Hindered by a slightly paunchy kerb weight (Audi quotes a 40kg gain over an equivalent Audi A3 Sportback, but our test car was an additional 51kg beyond that, at 1316kg), the Q2 tends to feel more functional than expressively fun.

Most buyers – or at least those unswayed by Audi’s marketing push – will probably accept the distinction, especially as the 1.4 TFSI engine’s cylinder deactivation function means that the Q2 delivers respectable efficiency.

True MPG testing returned a 45.3mpg average, which is inferior, naturally, to the 52.3mpg official claim but competitive nonetheless and sufficiently frugal to provide a genuine 500-mile range.

RIDE & HANDLING

Audi Q2 cornering

Experience gleaned from the Audi Q3 has taught us what to expect from an Audi crossover born of hatchback underpinnings: sterling body control, obliging agility and unambiguous stability. The smaller, lower Q2 proves little different.

In broad strokes, Ingolstadt has succeeded in its stated aim of producing a mildly high-sided car which drives like an oversized supermini.

The Q2 moderates body roll and understeer well and manages to keep its stability control intrusions subtle

Anyone craving the gentler lope of a larger SUV will be disappointed; on passive suspension, the Q2 is firm, formally mannered and typically direct.

As with the Q3, the model’s physically longer suspension travel is kept on a short leash. Larger undulations reveal slightly more liberal body movement than is usually typical of Audi’s hatchbacks, but the sensation tends to be held rigorously in check; ditto the lateral roll when cornering.

While this doesn’t translate into an entirely blemish-free ride quality, the chassis bent suits the progressive (but never less than quick) steering, and it is the incisive integration of the two that provides the Q2 with a familiarly alert driving style.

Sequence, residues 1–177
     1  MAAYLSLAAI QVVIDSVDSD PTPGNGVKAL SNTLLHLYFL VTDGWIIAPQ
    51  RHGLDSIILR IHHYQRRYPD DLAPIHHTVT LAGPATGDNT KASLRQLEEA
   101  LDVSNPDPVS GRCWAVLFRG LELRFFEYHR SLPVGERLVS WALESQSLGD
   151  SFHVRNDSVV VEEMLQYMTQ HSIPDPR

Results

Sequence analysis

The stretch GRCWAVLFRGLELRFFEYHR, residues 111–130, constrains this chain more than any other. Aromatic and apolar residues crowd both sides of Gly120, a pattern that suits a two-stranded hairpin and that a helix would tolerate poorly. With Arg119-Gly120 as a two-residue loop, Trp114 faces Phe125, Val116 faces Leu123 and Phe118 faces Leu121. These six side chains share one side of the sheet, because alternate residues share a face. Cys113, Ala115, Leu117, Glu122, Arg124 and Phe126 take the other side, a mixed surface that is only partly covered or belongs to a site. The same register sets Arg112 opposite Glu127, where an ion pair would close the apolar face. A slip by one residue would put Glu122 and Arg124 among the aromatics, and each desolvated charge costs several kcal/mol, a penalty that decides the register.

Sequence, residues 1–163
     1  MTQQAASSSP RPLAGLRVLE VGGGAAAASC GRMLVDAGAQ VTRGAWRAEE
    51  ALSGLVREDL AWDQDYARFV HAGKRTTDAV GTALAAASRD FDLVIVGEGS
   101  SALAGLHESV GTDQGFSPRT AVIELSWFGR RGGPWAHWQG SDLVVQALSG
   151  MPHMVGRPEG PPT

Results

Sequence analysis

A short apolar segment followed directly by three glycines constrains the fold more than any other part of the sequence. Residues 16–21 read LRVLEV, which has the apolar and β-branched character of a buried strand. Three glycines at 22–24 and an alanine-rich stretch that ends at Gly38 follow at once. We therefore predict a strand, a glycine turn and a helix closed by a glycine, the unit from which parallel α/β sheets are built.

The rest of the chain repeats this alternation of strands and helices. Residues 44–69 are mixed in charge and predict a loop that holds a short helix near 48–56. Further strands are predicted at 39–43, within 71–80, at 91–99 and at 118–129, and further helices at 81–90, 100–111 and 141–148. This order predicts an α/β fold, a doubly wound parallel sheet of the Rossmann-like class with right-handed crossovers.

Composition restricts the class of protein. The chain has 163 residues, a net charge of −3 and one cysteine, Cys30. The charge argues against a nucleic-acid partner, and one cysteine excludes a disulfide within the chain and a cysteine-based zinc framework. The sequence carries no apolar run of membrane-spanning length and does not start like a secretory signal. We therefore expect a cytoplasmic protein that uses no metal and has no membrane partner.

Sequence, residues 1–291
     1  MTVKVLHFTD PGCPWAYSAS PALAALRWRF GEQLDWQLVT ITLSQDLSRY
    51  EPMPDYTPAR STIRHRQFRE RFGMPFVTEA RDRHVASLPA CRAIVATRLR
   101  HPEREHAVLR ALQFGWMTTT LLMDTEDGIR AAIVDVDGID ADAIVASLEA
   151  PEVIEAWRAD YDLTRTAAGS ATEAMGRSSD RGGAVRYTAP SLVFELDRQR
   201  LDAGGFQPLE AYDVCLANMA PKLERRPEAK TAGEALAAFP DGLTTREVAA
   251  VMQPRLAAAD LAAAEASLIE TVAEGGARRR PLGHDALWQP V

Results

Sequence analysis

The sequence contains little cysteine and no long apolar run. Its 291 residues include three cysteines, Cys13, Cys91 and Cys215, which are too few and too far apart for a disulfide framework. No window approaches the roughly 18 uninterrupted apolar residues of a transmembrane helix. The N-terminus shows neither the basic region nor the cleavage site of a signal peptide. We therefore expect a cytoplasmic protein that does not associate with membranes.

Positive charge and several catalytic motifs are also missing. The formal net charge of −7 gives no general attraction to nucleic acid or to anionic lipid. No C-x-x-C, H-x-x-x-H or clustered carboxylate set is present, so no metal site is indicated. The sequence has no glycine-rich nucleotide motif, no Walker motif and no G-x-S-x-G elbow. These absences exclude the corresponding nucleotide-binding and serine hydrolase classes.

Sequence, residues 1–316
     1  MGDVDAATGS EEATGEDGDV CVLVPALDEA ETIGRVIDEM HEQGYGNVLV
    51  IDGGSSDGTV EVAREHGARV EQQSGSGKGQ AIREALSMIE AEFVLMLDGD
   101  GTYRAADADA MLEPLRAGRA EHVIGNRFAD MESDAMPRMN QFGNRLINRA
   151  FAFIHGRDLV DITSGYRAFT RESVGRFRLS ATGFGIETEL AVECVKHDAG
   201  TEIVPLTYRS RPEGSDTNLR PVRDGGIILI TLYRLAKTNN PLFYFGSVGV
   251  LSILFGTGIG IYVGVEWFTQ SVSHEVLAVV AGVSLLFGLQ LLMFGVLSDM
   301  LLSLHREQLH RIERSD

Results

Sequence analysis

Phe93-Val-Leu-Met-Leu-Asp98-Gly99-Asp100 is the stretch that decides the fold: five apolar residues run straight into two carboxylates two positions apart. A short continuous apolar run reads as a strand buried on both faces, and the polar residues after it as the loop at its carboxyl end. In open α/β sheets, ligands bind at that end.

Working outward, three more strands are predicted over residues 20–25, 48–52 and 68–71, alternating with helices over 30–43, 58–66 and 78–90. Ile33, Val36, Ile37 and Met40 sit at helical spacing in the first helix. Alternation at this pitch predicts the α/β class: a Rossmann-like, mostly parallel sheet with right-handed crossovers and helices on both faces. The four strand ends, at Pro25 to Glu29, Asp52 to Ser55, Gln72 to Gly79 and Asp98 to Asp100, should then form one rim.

This works in the crossover’s favour most of the time. Sitting lower than you would in a Q3 and on suspension that succumbs less to a nondescript staccato bob, you tend to just blithely get on with the business of driving it as you would any other small hatchback.

That will quite feasibly suit most drivers migrating from a supermini into a compact crossover, but for anyone keen on pedalling along merely for the sake of it, the Q2’s refusal to stand out from its manufacturer’s line-up, or prove likeably different in the manner best demonstrated by the class-leading Seat Ateca, makes it a less persuasive prospect than we might have hoped for.

That being said, the Q2 took the Hill Route mostly in its stride says much about the way it has been set up. Most higher-sided crossovers, even compact ones, tend to be upset by Millbrook’s deliberately stressful gradients, but the Audi is well placed to resist its weight-shifting tendencies, and while the tacked-down composure of a conventional hatch is ultimately missing from the handling repertoire, it never leans excessively.

As you might expect, better lateral control of the body means that it tends to maintain its hold on the road for slightly longer, and while understeer lurks at the outer limit of its ability, there’s sufficient grip leading up to it to make pushing on a worthwhile exercise.

The notion is encouraged by the steering, which may shun feedback but at least manages to make its variable-ratio rack predictable. Combine all this with the advantages of the car’s small size and the Q2 makes for an agile, if unremarkable, steer. 

MPG & RUNNING COSTS

Audi Q2

The Q2 range will in time be propped up by a 1.0 TFSI triple, starting at £20,230 and making an entry-level SE around £6k less than the cheapest Audi Q3.

Naturally, that notable price difference is crucial to the newcomer’s appeal as a more modestly priced way into a four-ringed crossover.

Q2 isn’t quite expected to match the Seat Ateca’s values but is likely to be a solid prospect nonetheless